Jean Turgeon, Vice President & Chief Technologist for Software Defined Architecture (SDA), Worldwide Sales in Avaya, discussed with ITPP the idea of mobile in business, its greatest impacts, how mobile affects employee satisfaction and productivity, and how it all affects business performance.
ITPP: Tell us about the findings of the Aruba mobile engagement study. How are the results different than other studies out there?
JT: Unlike most of the employee engagement studies published to date, the Aruba study on Mobility, Performance and Engagement, a report by the Economist Intelligence Unit, focuses on mobile technology and its impact on the workforce. Past studies on engagement have focused on just one company, or in some cases, a small number of companies, but the Aruba-sponsored study is far more holistic. This inclusivity proves how significant mobile has become to organisations across all industries.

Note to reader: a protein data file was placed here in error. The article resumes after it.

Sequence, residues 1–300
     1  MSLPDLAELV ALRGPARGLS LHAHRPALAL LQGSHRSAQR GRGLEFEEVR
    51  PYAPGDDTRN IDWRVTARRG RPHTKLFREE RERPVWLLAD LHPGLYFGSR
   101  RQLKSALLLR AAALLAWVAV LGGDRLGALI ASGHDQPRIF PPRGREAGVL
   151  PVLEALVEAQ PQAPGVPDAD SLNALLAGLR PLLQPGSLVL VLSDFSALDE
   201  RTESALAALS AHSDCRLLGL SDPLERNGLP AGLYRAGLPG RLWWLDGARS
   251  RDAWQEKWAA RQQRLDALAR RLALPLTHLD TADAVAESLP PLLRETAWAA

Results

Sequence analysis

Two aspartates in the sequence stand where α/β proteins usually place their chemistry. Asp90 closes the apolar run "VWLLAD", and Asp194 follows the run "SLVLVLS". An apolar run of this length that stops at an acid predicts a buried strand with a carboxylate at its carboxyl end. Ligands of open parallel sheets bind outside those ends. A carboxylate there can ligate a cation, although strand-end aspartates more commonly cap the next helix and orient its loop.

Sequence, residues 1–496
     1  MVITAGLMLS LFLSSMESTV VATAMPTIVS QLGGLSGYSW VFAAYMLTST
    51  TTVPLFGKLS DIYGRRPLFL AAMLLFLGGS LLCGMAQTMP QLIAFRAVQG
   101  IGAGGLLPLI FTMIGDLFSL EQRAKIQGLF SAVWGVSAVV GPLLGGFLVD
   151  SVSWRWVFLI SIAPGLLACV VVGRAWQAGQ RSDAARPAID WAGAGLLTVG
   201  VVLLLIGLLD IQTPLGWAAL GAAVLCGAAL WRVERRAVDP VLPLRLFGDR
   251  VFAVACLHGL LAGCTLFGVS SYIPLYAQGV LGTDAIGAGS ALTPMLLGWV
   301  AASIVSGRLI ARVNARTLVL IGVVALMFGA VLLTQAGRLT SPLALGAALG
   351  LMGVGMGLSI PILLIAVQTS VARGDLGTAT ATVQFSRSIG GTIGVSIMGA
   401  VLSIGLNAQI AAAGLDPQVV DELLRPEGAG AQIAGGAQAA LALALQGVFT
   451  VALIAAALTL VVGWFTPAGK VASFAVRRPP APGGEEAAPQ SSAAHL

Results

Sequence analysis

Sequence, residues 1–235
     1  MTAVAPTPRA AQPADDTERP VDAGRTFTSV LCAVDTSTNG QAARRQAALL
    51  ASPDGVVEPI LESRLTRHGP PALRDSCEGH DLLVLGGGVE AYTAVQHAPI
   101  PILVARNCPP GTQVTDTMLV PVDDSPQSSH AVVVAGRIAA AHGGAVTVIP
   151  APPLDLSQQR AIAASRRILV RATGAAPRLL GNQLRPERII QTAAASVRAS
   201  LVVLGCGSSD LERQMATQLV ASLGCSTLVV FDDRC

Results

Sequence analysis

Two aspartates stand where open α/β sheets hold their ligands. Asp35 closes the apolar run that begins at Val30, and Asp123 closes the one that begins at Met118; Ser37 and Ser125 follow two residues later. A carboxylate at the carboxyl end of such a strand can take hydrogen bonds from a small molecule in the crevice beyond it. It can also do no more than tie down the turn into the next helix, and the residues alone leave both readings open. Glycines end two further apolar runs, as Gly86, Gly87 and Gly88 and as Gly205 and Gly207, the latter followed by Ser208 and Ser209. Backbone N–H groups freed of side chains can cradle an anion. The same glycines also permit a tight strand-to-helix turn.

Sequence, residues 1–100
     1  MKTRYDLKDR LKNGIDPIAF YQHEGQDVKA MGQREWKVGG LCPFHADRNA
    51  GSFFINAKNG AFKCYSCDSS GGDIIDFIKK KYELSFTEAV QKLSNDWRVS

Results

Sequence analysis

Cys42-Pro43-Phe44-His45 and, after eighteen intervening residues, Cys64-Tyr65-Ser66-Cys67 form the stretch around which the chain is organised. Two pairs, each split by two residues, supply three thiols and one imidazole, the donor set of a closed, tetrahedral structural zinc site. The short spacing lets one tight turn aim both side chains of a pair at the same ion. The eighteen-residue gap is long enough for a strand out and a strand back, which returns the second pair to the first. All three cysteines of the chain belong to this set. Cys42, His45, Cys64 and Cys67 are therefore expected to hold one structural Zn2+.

The results from the Aruba mobile study, which illustrate how great an impact mobile can have on business performance, validate what we’ve been hearing and seeing from our customers. The effect mobile technology has on employee engagement and the employee experience will greatly impact the technology and management that decisions C-level executives and leaders across all organisations make in years to come.
ITPP: In your experience, what factors have the greatest impact on the "employee experience.”
JT: When it comes to managing the employee experience, these three factors have a huge impact:
1. Giving employees the ability to know their role on the team. We all appreciate understanding how our work contributes to the bigger picture. When employees don’t know why their daily work matters, they easily become disengaged. Imagine if a sports team was asked to rally to beat another team but the players didn’t know what position they were supposed to play. When employees are given purpose and connection at work, they stay engaged and perform better.
2. A sense of community. Employees don’t just want co-workers. They want to bond and feel a personal connection to their colleagues. We spend roughly one third of our lives working, and if employees don’t feel comfortable with their work community, they risk becoming reclusive or worse—looking for another job.